By Gong Shaopeng
In the latest round of six-party talks on the Korean nuclear issue,
the parties involved have expressed optimism on the outcome. The
thinking is that the main players the United States and North Korea
could return to the Agreed Framework signed in 1994.
With the current talks in Beijing, which began on February 8,
it's time to recap the long and twisting road that's already been
After the emergence of the so-called Korean nuclear crisis in
1993, the US and North Korea reached an agreement known as the
US-North Korea Framework on Nuclear Issues on October 21, 1994.
At that time, North Korea insisted its nuclear program was aimed
at ending its power shortage. Therefore the Agreed Framework
demands that North Korea freeze its graphite reactor and all
related facilities in exchange for two light-water reactors with a
combined annual capacity of 2,000 megawatts per hour to be built by
2003 by an international consortium led by the US.
Before the first of the two reactors goes online, the US would
supply 500,000 tons of heavy oil annually to North Korea for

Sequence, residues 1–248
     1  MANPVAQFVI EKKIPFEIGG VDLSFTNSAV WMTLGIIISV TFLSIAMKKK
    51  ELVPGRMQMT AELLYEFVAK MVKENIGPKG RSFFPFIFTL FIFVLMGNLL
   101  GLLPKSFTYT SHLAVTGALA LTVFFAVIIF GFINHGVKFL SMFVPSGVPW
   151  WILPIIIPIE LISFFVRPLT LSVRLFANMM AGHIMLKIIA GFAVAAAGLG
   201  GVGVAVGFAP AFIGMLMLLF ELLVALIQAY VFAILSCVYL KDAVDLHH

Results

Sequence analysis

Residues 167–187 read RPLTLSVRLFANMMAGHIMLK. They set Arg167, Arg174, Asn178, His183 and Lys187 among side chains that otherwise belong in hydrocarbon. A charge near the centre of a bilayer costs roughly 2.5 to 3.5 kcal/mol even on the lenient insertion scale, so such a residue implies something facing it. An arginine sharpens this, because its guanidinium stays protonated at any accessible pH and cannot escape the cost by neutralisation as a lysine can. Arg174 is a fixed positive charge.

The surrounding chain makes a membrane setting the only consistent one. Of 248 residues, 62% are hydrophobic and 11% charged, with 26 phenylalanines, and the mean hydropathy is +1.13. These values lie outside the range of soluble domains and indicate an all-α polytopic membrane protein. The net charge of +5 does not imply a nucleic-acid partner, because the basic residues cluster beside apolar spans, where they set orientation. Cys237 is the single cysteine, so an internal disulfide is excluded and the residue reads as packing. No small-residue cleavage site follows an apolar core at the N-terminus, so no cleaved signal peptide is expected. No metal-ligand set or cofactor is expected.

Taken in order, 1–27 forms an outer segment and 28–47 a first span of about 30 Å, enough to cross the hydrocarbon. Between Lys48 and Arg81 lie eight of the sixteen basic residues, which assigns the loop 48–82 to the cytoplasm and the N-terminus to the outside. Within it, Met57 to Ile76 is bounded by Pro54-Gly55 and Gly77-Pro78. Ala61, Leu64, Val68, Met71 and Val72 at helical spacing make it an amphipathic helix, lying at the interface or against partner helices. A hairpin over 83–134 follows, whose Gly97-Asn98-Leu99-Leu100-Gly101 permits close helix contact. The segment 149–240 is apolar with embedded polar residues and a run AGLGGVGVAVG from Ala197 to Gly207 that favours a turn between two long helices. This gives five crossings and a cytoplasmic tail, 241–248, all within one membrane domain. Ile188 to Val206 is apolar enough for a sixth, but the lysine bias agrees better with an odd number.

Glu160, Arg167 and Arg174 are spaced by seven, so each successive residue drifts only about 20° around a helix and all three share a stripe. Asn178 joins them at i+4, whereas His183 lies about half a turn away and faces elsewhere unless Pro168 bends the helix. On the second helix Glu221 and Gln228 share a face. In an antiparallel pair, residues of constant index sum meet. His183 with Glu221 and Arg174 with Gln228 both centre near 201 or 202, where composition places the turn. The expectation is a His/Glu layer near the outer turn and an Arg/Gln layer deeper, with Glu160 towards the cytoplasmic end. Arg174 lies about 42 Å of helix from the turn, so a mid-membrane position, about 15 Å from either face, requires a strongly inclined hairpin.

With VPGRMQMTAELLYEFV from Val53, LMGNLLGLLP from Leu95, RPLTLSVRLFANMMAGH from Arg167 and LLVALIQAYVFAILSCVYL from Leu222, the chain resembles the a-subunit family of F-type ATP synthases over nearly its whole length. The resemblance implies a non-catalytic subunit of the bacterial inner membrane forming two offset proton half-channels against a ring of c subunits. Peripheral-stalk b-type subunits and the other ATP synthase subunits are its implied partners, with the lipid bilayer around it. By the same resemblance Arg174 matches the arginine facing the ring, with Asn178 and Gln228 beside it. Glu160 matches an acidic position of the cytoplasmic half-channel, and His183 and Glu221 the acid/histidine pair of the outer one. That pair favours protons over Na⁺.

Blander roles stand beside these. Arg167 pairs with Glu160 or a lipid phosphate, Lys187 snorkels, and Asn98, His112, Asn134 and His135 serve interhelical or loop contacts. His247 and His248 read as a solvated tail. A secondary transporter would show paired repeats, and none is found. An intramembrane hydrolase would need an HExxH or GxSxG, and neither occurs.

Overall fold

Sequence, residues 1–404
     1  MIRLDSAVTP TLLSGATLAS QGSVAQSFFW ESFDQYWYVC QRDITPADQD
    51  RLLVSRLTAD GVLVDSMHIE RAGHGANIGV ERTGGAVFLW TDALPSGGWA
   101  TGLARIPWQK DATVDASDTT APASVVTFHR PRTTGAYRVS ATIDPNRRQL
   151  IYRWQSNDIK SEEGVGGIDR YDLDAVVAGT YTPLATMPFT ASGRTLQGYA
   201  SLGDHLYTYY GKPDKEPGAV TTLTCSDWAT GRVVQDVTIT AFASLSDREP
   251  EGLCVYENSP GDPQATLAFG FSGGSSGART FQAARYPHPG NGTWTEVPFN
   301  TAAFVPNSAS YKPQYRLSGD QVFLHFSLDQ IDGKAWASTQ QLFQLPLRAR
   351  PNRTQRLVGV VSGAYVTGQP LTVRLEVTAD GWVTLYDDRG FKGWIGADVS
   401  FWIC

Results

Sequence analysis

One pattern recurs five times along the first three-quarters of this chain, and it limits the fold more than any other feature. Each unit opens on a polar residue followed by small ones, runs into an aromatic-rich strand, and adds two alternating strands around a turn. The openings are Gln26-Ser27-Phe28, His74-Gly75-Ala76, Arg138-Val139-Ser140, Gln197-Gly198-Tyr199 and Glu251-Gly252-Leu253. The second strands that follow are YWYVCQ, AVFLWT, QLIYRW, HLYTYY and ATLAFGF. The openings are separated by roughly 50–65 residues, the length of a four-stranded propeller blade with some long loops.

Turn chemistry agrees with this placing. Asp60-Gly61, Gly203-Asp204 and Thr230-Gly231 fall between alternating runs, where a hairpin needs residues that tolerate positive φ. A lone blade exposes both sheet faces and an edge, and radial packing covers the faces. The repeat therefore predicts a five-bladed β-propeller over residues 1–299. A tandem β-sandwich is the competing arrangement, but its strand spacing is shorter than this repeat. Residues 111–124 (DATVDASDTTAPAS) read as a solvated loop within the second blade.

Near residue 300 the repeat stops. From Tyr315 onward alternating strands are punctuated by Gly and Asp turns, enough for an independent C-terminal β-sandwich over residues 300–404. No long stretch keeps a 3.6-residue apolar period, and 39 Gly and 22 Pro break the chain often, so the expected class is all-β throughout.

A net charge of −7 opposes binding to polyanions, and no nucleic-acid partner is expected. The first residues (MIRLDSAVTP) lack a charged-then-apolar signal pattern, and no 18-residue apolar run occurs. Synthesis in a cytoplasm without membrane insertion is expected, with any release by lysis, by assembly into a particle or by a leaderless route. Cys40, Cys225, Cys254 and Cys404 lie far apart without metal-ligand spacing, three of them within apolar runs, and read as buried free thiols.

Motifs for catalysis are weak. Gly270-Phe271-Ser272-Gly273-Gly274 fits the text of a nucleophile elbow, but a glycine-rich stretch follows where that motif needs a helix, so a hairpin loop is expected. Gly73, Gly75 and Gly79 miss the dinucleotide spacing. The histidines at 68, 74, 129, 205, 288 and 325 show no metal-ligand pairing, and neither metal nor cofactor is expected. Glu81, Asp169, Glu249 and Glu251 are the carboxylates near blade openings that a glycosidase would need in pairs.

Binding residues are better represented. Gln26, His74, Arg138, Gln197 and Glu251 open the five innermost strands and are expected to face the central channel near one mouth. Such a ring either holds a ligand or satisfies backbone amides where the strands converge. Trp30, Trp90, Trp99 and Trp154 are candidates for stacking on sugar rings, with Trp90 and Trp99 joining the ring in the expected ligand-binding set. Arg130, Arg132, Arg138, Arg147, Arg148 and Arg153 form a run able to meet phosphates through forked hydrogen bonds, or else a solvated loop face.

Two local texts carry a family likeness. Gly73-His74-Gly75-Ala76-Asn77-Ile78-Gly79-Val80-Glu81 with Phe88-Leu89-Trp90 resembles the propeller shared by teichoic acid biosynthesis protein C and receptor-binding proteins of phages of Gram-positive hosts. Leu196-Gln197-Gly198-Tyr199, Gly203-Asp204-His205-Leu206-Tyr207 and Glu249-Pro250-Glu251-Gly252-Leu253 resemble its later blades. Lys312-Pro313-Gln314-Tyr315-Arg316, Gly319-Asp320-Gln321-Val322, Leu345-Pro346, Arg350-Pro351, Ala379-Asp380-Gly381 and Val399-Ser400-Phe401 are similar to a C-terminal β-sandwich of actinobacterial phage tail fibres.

heating and power generation. On its part, North Korea would
completely dismantle its graphite-moderated reactor related
facilities. The two sides would also move toward full normalization
of political and economic relations, opening liaison offices in
each other's capitals, eventually upgrading bilateral ties to the
level of ambassador.
In 1995, the Korean Peninsula Energy Development Organization
(KEDO), formed and led by the US, signed an agreement with North
Korea government. Construction of the two light-water reactors
Despite numerous twists and turns in the process of implementing
the agreement, ties between North Korea and South Korea and between
North Korea and the US made considerable progress.
In June 2000, then South Korean President Kim Dae-chong visited
Pyongyang, capital of North Korea, for talks with his counterpart,
Kim Jong-il. That October, Marshal Jo Myong-rok, vice-chairman of
North Korea's defense committee, visited Washington and met with US
President Bill Clinton. Later that month, then US Secretary of
State Madeleine Albright paid a reciprocal visit to Pyongyang and
conferred with Kim Jong-il.